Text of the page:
PET Scan vs. CT Scan: Know The Difference

PET Scan vs. CT Scan: Know The Difference

3 mins read

A lot of people still get confused with CT scans and PET scans. Although they may use similar-looking machines, they exhibit various differences in how they work, the results they produce and other things. CT scan stands for Computerized Tomography, while PET stands for Positron Emission Tomography. If you are one of many who gets the two scans confused, here are some of the key differences that will help you distinguish them correctly in the future.

Information gathered

A PET scan provides metabolic information regarding a target body part while a CT scan provides anatomic information. PET scan results are also interpreted alongside MRI and CT scan results. Visit a provider of private PET scans in London if you need any of these services.


A PET scan costs almost double that of a CT scan. This is because of some factors such as the time it takes to complete a scan, and most importantly, the information it provides the patient and the healthcare practitioner.


A CT scan usually only takes 5 minutes, with the actual scanning of the patient taking just half a minute, while a PET scan can last as long as 4 hours. This being said, a CT scan is not too sensitive to movement, while a PET scan requires the patient to be steady so that the gathering of metabolic information is more precise and accurate.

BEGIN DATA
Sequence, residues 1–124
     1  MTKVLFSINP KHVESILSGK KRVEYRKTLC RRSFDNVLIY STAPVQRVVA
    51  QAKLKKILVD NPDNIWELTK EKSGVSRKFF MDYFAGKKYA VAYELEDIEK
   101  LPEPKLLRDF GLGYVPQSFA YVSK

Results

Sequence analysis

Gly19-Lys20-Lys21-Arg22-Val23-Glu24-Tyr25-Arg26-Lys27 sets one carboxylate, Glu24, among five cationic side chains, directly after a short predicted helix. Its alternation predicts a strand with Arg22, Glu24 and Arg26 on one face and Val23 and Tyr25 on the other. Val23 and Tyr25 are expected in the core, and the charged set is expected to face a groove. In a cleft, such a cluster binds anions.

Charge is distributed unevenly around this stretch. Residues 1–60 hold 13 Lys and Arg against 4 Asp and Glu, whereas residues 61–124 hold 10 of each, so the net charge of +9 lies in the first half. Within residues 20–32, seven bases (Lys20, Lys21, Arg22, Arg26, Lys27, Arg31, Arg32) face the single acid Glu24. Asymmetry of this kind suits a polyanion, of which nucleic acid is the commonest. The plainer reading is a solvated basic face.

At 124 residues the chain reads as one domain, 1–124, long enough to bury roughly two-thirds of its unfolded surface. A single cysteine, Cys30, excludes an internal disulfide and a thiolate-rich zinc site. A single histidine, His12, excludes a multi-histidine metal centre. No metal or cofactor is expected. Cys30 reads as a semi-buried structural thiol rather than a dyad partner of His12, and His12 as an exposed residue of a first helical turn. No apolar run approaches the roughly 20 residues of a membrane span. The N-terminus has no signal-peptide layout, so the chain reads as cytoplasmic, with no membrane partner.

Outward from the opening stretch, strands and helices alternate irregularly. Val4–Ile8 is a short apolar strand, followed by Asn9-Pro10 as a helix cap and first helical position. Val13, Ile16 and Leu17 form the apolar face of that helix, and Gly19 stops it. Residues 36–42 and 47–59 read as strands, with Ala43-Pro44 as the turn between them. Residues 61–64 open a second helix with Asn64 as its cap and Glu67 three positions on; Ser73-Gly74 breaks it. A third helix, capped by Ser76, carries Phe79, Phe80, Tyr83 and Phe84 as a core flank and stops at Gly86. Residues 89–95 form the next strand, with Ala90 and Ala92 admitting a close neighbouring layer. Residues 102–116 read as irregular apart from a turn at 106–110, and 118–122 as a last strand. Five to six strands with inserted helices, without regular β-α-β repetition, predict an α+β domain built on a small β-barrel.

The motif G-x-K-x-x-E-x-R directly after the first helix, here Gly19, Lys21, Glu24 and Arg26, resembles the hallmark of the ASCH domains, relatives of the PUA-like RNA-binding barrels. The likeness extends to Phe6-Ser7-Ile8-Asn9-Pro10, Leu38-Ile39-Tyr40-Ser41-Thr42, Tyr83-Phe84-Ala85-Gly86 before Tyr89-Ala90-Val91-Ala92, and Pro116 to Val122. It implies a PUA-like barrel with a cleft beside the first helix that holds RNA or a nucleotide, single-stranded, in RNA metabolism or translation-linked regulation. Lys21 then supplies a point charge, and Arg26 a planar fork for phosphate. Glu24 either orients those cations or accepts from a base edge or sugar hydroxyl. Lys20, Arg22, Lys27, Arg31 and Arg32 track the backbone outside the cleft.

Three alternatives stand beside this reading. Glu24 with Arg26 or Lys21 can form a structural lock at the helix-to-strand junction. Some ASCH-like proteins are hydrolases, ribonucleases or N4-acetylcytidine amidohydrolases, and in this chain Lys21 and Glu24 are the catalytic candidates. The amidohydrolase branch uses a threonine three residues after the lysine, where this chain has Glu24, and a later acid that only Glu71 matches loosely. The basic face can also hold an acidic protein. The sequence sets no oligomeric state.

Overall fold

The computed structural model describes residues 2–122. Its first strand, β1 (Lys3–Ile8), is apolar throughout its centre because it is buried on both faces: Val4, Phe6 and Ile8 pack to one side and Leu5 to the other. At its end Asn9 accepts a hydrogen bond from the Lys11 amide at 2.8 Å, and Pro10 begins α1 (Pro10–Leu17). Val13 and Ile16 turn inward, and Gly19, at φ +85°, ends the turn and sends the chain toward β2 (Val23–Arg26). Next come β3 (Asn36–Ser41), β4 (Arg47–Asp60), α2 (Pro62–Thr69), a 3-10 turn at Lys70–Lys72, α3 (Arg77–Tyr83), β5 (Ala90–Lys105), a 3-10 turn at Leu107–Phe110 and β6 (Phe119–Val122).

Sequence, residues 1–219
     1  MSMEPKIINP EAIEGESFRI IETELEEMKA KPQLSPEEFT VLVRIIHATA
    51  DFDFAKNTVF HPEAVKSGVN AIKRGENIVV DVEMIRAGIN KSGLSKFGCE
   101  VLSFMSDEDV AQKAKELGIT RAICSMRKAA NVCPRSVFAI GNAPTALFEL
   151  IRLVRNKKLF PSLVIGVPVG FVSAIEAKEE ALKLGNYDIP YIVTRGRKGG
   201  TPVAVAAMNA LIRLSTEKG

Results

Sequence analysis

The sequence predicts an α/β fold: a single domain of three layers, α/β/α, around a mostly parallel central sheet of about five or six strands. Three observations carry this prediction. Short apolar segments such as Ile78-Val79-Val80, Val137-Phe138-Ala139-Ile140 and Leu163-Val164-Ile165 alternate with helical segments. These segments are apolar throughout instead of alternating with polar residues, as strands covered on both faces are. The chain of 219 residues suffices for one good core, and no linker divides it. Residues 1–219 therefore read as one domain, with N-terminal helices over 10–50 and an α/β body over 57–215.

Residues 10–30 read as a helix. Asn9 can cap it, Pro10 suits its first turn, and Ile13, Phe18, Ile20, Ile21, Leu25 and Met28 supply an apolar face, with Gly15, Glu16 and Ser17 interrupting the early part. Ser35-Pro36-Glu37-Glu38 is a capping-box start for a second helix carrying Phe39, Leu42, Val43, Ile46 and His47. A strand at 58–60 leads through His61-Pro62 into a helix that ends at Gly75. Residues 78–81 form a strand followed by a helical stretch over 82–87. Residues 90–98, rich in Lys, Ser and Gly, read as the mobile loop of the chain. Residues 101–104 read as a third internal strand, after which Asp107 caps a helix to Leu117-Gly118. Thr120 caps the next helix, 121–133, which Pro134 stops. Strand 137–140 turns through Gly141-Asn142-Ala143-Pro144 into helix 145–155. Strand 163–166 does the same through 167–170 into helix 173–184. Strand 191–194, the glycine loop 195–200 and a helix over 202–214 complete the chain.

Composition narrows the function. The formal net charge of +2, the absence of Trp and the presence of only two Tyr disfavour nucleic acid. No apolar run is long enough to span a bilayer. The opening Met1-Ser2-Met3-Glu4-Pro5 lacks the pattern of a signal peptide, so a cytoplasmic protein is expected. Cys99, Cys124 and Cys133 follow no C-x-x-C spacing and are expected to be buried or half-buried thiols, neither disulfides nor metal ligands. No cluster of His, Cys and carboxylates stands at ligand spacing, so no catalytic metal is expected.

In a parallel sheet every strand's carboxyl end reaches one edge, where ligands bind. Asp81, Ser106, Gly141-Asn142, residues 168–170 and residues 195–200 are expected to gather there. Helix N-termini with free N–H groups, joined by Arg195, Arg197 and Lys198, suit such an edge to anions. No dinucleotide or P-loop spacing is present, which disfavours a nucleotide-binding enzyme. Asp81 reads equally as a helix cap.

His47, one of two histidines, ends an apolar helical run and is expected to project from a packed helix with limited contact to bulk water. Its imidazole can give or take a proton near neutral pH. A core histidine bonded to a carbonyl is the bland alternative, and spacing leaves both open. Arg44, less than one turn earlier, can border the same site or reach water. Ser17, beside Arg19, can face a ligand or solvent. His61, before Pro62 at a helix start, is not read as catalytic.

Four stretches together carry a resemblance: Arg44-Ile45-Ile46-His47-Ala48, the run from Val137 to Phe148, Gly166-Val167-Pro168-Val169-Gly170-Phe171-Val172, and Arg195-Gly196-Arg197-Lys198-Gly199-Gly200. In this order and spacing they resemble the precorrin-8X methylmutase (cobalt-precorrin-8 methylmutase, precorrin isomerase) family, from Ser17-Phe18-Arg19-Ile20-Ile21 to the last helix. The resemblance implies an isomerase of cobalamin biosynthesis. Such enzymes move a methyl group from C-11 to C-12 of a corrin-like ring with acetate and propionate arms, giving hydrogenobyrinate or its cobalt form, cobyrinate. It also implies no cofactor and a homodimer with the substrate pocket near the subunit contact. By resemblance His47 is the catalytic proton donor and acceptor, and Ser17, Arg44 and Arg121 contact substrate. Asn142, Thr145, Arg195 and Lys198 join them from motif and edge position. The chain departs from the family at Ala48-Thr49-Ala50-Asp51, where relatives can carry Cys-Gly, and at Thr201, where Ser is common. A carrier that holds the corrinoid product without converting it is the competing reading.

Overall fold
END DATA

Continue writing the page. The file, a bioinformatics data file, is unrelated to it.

Exposure to radiation

Patients who undergo CT scans receive radiation, the amount of which is the same as 3 to 5 years of exposure to background radiation. This type of scan is not recommended for children and pregnant women unless the benefits far outweigh the risks and the imaging is absolutely necessary for the treatment plan. A PET scan, on the other hand, emits moderate to high amounts of radiation. Being on the machine for up to 4 hours, the patient will absorb a relatively high amount of radiation.

Imaging techniques

A CT scan machine uses X-ray images to produce a more detailed image of a target body part. A PET scan uses radioactive tracers, which emit positrons. The emitted positrons are then traced by the machine’s system to create a detailed and thorough 3D image over the duration of the scan.

Scope of imaging

A CT scan can outline the skeletal system fairly accurately, while a PET scan can gather information about biological processes.


A brain CT scan was first done on a patient in 1971, while PET scanning was first introduced for humans in 1976. Ever since then, technological breakthroughs have made both scans more efficient and produce more detailed images and information.

CT scans and PET scans are two entirely different medical procedures that are done by licensed and qualified technicians to patients and are ordered by their doctors to help them in diagnosing illnesses and help them map out a course of action for their patients.

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